One of the great things in 2008 was folks were just starting their own organizations.  We had folks in Idaho who just decided out of the — we’re going to start a Idaho for Obama.  And we didn’t have any staff there, we didn’t have any money.  And yet they were able to organize an 18,000-person rally just out of their own energy and input, and they owned this thing.

And that’s the thing I want to emphasize to all of you.  You own this campaign.  You own this country.  And if you use that power that you’ve got, then we’re going to be able to continue to get all the things done that we want to get done.  I know that over the last two and a half years there have been times where people have been frustrated.  This past week was a frustrating week.  But think about all we’ve accomplished together.  We’ve been able to start turning around this economy.  We’ve been able to get health care passed.  We’ve been able to make sure that there’s an equal day’s pay for an equal day’s work.  We’ve been able to make sure that children were able to get health insurance that didn’t have it before.  We’ve been able to end this war in Iraq in a responsible way.

And so that should give us confidence that we can make happen all the things that are still undone, whether it’s making sure that the economy is growing faster and creating more jobs, to getting immigration reform passed, to making sure that we’ve got an energy policy that makes sense in this country and making sure that we’ve got a tax code that’s fair and that’s just and that we’re dealing with our deficits and debt in a responsible way and it’s not all on the backs of middle-class families.

Those are things that I know we can accomplish, but this election is going to be a seminal election, in some ways maybe more important than the last one.  And with your voices, I’m absolutely confident that we not only can win, but more importantly, we can deliver the change that’s needed for the American people.

So I’ve got to go downstairs.  I’m going to have to — there’s a big crowd wanting to sing me happy birthday.  I don’t know if there’s cake down there.  But I know they’ve been waiting for me.  But I want to say to all of you, thank you for your good wishes.  Thanks for your courage.  Thanks for your determination and tenacity.  And I’m going to see you all hopefully when I get to the various states and cities and towns where you guys are gathered.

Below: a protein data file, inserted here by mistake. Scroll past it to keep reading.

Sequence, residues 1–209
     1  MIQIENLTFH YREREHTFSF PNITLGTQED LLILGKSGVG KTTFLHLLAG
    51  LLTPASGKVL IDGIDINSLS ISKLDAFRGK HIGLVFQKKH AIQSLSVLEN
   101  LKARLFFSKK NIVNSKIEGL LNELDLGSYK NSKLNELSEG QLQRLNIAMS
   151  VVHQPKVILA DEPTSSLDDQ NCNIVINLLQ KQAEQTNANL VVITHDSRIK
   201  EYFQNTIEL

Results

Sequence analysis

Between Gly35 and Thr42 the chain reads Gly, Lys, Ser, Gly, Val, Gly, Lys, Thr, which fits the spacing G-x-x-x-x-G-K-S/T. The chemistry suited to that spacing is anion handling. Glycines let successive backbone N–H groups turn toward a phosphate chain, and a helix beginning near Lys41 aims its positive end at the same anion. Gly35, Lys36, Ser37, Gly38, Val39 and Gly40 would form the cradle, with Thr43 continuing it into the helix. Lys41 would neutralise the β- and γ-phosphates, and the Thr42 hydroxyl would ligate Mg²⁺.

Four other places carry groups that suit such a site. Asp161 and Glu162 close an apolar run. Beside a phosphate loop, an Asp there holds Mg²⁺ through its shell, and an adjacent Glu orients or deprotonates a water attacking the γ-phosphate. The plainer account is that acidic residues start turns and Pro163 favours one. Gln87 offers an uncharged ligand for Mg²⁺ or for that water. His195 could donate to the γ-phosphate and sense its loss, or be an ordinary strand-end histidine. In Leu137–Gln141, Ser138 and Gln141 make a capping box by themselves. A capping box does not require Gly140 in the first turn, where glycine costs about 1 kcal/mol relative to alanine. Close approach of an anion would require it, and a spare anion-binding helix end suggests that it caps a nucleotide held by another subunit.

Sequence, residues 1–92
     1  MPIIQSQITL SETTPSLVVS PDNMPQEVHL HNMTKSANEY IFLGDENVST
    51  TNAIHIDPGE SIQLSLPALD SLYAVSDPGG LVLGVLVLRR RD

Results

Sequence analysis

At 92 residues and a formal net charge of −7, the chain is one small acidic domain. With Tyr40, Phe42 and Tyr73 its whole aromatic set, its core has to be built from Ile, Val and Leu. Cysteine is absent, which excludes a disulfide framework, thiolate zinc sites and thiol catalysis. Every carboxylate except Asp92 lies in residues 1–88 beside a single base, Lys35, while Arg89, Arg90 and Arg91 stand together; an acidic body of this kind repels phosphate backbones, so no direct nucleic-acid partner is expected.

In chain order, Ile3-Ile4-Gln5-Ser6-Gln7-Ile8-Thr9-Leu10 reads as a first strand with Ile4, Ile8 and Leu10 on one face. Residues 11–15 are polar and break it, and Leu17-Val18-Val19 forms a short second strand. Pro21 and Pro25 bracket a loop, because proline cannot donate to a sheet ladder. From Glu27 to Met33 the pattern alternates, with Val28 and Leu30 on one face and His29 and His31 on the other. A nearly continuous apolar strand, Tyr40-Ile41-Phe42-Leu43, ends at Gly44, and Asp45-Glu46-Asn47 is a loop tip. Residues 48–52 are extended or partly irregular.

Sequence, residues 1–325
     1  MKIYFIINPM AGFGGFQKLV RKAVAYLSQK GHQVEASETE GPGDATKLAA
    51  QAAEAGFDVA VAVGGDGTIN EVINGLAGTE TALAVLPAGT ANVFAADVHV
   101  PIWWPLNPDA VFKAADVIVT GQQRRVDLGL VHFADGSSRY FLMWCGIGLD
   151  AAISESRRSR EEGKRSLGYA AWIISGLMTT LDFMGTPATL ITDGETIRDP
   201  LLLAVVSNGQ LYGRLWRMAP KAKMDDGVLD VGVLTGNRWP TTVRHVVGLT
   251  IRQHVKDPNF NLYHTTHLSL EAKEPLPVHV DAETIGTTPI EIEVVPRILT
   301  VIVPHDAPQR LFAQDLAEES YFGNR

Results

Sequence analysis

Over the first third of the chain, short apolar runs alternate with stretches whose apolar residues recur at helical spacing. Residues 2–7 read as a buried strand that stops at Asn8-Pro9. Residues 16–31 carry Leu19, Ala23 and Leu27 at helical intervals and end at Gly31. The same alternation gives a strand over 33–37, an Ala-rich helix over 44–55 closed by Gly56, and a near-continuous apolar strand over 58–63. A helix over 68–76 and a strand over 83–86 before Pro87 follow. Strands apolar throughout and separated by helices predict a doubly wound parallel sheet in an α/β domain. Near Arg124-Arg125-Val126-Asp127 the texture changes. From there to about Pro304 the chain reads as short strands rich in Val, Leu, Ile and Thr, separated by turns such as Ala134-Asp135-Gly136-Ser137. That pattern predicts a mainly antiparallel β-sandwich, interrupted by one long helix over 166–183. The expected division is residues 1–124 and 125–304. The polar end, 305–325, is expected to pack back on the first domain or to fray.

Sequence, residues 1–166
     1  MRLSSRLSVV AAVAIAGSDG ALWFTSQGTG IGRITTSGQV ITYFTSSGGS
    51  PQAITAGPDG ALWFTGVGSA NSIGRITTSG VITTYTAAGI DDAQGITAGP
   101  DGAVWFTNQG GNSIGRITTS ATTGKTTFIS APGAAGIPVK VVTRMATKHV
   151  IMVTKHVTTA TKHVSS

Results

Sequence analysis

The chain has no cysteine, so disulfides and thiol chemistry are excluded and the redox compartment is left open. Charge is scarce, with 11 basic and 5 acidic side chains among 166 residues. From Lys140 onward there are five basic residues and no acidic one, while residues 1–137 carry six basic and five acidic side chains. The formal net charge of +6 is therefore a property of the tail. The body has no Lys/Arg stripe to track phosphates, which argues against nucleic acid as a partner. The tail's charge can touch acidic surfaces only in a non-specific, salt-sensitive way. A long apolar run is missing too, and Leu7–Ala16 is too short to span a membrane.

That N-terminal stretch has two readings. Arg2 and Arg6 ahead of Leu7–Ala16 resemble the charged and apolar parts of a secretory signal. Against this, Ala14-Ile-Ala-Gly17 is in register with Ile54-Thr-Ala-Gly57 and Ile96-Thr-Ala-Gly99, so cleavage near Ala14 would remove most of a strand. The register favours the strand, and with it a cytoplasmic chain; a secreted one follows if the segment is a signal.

All right?  Have fun.  See you.

7:16 P.M. CDT


Remarks by the President at a DNC Event

Aragon Entertainment Center
Chicago, Illinois

8:21 P.M. CDT
August 3, 2011

THE PRESIDENT:  Hello, everybody!  Hello, hello, hello!  Thank you.  Thank you.  Everybody have a seat, have a seat, have a seat.

Well, if you guys are taking off your jackets, I’m going to take mine off too.  (Laughter.)  It’s too hot.  It is too hot.

Well, it is wonderful to see all of you.  (Mayor Emanuel takes the President’s jacket.)  Thank you.  Now that’s service.  (Laughter.)  I still have that pothole in front of my house.  (Laughter.)  Golly, I’ve been working on that.  Trees need trimming.  (Laughter.)

It is wonderful to see all of you.  I know that most of you had a chance to listen to me speak downstairs, so I’m not going to give another long speech.  The main thing I just want to do is to say thank you to all of you.  A lot of folks came, traveled from across the country.

And obviously we’ve just gone through an extraordinary week in Washington, an extraordinary two weeks in Washington.  It’s not the kind of extraordinary that the American people are looking for.  (Laughter.)  Because at a time when so many families are struggling, at a time when we should be singularly focused on how to make ourselves more competitive and make sure our kids have the best educations possible and how are we transforming our energy strategy and how are we building on high-tech industries and the huge competitive advantages that we have, politics continues to get in the way.

And I think this episode was just a severe example of what’s been going on for quite some time.  And it’s part of what led me to run for President.  It’s part of what led Rahm to get into public service.  And it’s part of the reason why hopefully all of you are here tonight, because you recognize we’ve still got some more work to do.

The good news is that after this week we have made a legitimate down payment on deficit reduction in a way that’s actually responsible, that is not going to dismantle our social safety net, isn’t going to prevent us from making the key investments we need to win the future.

But it also sets the stage for what is going to be a singular debate over the next year and a half, and that is two alternative visions about where the country needs to go.